Feedstock – A product or a combination of products derived from crude oil and destined for further processing in the refining or re-refining industries. It is transformed into one or more components and/or finished products.
Gasoline Blendstock - Naphthas and various distillate products used for blending or compounding into finished motor gasoline. These components can include reformulated gasoline blendstock for oxygenate blending (RBOB) but exclude oxygenates (alcohols and ethers), butane, and pentanes (an organic compound with properties similar to a butane).
Generators - Entities that generate used oil through their daily operations such as automotive businesses conducting oil changes on consumer and commercial vehicles and industrial users changing lubricants on machinery and heavy equipment.
4


Hydrocarbons - An organic compound consisting entirely of hydrogen and carbon. When used in the Company’s filings the term generally refers to crude oil and its derivatives.
HSFO - High Sulphur Fuel Oil or HSFO, means fuel oil with a high sulphur content.

Hydrotreating - Processing feedstock with hydrogen to remove impurities such as sulfur, chlorine, and oxygen and to stabilize the end product.
IMO 2020 - Effective January 1, 2020, the International Maritime Organization (IMO) mandated a maximum sulphur content of 0.5% in marine fuels globally.
Industrial Burners – Entities which burn combustible waste products (when used in the Company’s filings, generally used motor oil and re-refined hydrocarbon feedstocks) to generate power, heat or for other industrial purposes.
Light Fuels – Fuels such as gasoline and kerosene.
Lubricating Base Oil – A crude oil derivative used for lubrication.
Marine Diesel Oil - A blend of petroleum products that is used as a fuel in the marine industry.
MDO - Means marine diesel oil, which is a type of fuel oil and is a blend of gasoil and heavy fuel oil, with less gasoil than intermediate fuel oil used in the maritime field.
Naphthas - Refers to any of various volatile, highly flammable liquid hydrocarbon mixtures used chiefly as solvents and diluents and as raw materials for conversion to gasoline.
Processors – Entities (usually re-refineries) which utilize a processing technology to convert used oil or petroleum by-products into a higher-value feedstock or end-product.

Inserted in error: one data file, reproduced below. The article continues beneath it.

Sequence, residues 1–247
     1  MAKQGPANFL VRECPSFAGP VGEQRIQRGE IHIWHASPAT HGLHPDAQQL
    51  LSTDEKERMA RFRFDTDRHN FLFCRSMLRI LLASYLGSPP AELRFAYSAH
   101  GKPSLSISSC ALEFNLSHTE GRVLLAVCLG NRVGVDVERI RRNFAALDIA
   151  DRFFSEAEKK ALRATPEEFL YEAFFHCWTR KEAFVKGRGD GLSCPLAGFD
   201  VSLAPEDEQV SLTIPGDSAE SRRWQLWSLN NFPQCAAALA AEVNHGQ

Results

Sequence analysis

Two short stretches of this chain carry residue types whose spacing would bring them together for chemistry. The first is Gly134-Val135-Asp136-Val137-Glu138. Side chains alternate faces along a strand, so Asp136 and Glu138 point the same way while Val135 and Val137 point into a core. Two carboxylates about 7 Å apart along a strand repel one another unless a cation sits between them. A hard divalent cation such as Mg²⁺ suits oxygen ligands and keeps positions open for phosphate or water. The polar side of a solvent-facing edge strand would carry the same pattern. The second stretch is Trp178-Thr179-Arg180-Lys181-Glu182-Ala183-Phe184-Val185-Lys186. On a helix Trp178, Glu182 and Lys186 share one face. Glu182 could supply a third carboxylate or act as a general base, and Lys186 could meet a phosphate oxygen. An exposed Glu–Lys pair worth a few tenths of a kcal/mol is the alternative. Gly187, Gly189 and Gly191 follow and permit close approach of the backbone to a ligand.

Pygas (pyrolysis gasoline) - An aromatics-rich gasoline stream produced in sizeable quantities by an ethylene plant. These plants are designed to crack a number of feedstocks, including ethane, butane, propane, butane, naphtha, and gasoil. Pygas can serve as a high-octane blendstock for motor gasoline or as a feedstock for an aromatics extraction unit.
Re-Refined Base Oil - The end product of used oil that is first cleansed of its contaminants, such as dirt, water, fuel, and used additives through vacuum distillation. The oil is also generally hydrotreated to remove any remaining chemicals. This process is very similar to what traditional oil refineries do to remove base oil from crude oil. Finally, the re-refined oil is combined with a fresh additive package by blenders to bring it up to industry performance levels.
Re-Refining - A process involving extensive physical and chemical treatment of used motor oil to yield a high quality marine diesel oil or lubricant base stock comparable to a virgin lubrication oil product.
Refining - The process of purification of a substance. The refining of liquids is often accomplished by distillation or fractionation. Gases can be refined in this way as well, by being cooled and/or compressed until they liquefy. Gases and liquids can also be refined by extraction with a selective solvent that dissolves away either the substance of interest, or the unwanted impurities.
Toll Processing/Third Party Processing - Refining or petrochemicals production done on a fee basis. A plant owner puts another party’s feedstock through his equipment and charges for this service. A portion of the product retained by the processor may constitute payment. This form of compensation occurs frequently in refining because the feedstock supplier often is interested in retaining only one part of the output slate.
Transmix - A mix of transportation fuels, usually gasoline and diesel, created by mixing different specification products during pipeline transportation, stripping fuels from barges and bulk fuel terminals. Transmix processing plants distill the transmix back into specification products, such as unleaded gasoline and diesel fuel.
Used Oil - Any oil that has been refined from crude oil, or any synthetic oil that has been used, and as a result of use or as a consequence of extended storage or spillage has been contaminated with physical or chemical impurities. Examples of used oil include used motor oil, hydraulic oil, transmission fluid, and diesel and transformer oil.
Virgin Base Oil – Base oil which has not previously been recycled or re-refined.
5


Vacuum Distillation – A process that removes emulsified contaminated water and separates used oil into base oil lubricant and light fuels.
VGO -Vacuum Gas Oil (also known as cat feed) - a feedstock for a fluid catalytic cracker typically found in a crude oil refinery and used to make gasoline No. 2 oil and other byproducts.



6

Table of Contents
PART I
Item 1. Business
Corporate History: